FIG. 2 is a bottom plan view of the apparatus of FIG. 1.

3,388,465 Patented June 18, 1968 The principles of the present invention are particularly applicable to the preparation of printed circuit boards carrying electronic components. Referring to FIG. 1, such apparatus includes a relatively thin sheet 20 of insulating material, for example, synthetic resinous material, having'top and bottom surfaces 24 and 28, with the bottom surface (FIG. 2) carrying a plurality of conductive lines 34 which are properly oriented to provide the desired interconnections when electronic components are mounted on the board. The board. is provided with a plurality of holes 40 which are positioned on the conductive lines 34 at the desired locations, as is well known in the ,art. The

board may also include contact terminals or the like (not shown).

In practicing the invention, the selected electronic components 46, for example, capacitors, resistors, transformers, transistors, or the like, are provided, and their leads 50 are cut to length somewhat greater than that ordinarily employed in mounting components on printed circuits. The components 46 are seated on the top surface 24 of board 20, and their leads 50 are inserted in the appropriate holes in the board 20. Since, according to the invention, the leads 50 are not bent over as in the prior art, they may be somewhat longer, for example, by several millimeters, than in the prior art.

After all of the components have 'been mounted on the board, the board is placed on a suitable frame or housing 60 which includes suction apparatus 64, and a sheet 70 of heat-sealable plastic material, for example, a vinyl product, is spread over the components 46 on the board. Suction is applied to the frame, and the sheet of plastic material is drawn down over each component so that the components are firmly held in place thereby. Heat is then applied at suitable locations, for example, at the periphery of the board, to cause the plastic sheet to adhere thereto. Thus, a rigid assembly is provided, with the components held securely and substantially rigidly in place for further processing.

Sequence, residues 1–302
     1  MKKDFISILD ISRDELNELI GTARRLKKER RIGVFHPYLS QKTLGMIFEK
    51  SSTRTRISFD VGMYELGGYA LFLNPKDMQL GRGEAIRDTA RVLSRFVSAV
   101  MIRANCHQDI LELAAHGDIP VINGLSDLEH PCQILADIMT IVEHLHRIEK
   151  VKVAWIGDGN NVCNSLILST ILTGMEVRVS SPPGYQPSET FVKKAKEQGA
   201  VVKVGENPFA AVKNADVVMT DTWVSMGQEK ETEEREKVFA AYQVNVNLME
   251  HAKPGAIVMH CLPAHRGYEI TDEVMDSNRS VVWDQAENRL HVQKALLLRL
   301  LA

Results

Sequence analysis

The circuit board is now ready for soldering of the components to the conductive lines. This operation may be performed in any suitable manner, as is well known in the art. In one suitable arrangement, soldering is performed by immersing the lower surface of the printed circuit board with the exposed leads 50 in a bath of molten solder. The solder adheres to the leads 50 and the holes 40 and provides the desired electrical contact with the conductive lines. The board is removed from the solder bath after the desired soldering operation has been performed, and, after the usual cooling and cleaning, it is ready for use. The board with its plastic sheath may be shipped as a unit, or the plastic may be removed and the board may be shipped with its components exposed.

Since the component leads 50 are somewhat longer than in the prior art, and since they project perpendicularly from the surface of the printed circuit board rather than being bent over, the leads of selected components may be readily located and freed 'by the application of heat, and a selected component may be readily removed from the board at any time if this is required.

The present invention thus provides an improved arrangement for handling and preparing printed circuit boards in which electronic components may be held securely in place while they are being soldered.

What is claimed is:

1. The method of preparing an electronic assembly comprising the steps of:

preparing a printed circuit board having a top surface and bottom surface and having conductive runs on the bottom surface and a plurality of holes extending through the board and intersecting the runs at selected locations,